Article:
Yes, you are wrong - it's more complex than that.
The signal on pin 3 is important to analyse in order to determine operating frequency. When the output is low, the voltage on pin 3 is determined by R3, R4 and R2 - this is the voltage the capacitor has to discharge to in order to cause the op-amp to flip from being low to being high. Then, when the op-amp output is high, the capacitor starts to re-charge up to a new high voltage. Pin 3 is now a higher voltage because the output is now high and, via R2, it sets a higher threshold (on pin 3) than what it did when the output was low. This is called hysterisis.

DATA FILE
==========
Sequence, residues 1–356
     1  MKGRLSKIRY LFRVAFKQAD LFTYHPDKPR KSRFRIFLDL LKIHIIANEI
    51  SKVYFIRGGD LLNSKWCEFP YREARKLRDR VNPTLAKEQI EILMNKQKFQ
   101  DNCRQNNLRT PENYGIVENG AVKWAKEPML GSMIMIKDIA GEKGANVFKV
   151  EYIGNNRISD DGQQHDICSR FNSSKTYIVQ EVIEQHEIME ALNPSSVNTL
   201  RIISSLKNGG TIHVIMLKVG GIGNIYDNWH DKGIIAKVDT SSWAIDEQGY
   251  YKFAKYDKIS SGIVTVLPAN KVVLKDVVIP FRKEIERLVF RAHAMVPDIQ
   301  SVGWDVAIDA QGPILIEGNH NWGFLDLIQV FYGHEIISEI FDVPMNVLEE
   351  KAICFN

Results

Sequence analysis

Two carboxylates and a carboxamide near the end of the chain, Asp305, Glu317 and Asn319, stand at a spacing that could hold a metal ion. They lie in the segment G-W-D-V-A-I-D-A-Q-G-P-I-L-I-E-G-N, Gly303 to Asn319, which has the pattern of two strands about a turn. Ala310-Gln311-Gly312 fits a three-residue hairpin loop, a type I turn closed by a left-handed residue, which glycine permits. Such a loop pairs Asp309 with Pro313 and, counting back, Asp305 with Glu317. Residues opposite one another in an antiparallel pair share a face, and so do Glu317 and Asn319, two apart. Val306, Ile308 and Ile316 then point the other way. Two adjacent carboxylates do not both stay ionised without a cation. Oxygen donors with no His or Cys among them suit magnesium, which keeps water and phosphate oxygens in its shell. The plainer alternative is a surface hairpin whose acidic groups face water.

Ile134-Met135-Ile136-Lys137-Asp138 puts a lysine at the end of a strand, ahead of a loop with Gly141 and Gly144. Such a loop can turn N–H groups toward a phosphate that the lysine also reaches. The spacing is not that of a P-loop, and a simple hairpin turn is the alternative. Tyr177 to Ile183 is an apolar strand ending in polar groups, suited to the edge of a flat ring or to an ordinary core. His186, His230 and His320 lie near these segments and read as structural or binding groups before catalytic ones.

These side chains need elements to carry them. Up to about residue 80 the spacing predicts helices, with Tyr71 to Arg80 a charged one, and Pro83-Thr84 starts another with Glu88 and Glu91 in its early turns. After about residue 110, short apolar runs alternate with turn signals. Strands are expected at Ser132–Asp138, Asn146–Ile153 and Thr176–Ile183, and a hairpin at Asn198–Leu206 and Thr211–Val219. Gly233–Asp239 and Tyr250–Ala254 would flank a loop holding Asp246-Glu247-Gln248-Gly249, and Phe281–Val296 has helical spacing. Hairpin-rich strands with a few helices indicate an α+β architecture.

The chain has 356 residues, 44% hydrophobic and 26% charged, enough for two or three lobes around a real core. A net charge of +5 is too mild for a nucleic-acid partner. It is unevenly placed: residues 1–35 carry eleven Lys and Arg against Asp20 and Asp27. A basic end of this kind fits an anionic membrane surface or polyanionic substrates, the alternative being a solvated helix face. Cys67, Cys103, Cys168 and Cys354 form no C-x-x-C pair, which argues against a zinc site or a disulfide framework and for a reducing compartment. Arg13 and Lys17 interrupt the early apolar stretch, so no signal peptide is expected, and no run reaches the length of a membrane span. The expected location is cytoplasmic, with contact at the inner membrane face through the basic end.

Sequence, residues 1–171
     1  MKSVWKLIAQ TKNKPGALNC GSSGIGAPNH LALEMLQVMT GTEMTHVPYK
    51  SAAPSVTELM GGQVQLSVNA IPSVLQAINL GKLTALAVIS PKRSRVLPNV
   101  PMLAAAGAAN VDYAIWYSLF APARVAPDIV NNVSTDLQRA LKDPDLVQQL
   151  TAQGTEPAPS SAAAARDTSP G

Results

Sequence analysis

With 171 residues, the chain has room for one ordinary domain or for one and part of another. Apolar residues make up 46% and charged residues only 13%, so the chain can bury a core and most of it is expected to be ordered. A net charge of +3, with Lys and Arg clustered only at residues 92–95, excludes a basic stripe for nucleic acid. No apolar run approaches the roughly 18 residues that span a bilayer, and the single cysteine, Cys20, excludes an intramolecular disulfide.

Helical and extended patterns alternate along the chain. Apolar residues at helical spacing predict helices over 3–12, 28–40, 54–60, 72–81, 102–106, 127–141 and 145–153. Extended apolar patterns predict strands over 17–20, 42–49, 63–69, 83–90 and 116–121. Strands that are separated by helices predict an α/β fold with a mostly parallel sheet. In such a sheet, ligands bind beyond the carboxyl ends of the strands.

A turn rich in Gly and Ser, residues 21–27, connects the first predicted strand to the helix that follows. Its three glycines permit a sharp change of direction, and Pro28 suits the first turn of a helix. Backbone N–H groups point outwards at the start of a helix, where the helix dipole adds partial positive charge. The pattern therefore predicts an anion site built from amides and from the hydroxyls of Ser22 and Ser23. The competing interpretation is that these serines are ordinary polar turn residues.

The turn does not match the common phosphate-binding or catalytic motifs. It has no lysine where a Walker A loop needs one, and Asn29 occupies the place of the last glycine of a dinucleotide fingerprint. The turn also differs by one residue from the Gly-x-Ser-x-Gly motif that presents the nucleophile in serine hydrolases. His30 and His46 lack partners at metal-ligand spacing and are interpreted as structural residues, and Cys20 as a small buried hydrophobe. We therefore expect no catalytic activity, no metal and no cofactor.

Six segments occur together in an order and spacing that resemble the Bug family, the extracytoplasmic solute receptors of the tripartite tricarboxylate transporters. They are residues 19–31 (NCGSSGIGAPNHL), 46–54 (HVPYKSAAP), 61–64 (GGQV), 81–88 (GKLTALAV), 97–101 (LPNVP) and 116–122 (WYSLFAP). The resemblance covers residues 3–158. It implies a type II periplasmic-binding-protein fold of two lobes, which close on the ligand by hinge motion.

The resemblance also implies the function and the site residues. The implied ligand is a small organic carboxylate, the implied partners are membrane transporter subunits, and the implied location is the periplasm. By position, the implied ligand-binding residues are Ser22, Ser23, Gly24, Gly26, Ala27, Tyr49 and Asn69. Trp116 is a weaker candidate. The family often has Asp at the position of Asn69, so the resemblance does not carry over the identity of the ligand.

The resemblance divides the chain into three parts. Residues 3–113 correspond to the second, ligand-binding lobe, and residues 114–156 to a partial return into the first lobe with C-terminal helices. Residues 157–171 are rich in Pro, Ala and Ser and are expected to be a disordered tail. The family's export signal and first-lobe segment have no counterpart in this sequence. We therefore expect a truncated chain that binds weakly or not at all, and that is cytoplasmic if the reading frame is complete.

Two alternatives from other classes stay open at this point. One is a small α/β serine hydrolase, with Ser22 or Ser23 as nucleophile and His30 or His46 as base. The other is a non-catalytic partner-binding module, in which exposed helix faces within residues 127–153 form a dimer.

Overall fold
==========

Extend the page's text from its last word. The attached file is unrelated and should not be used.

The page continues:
The capacitor charges and discharges at a rate determined mainly by C1 and R1 but, if R2 is relatively big it's going to take longer to attain the "new" threshold in order to flip the op-amp output.
This is how they work - calculate the two voltages that could appear at pin 3 and these two voltages are what the cap charges to and then discharges to during one period of oscillation. Then, use what you know about exponential charging of a capacitor via a resistor to fill in the gaps.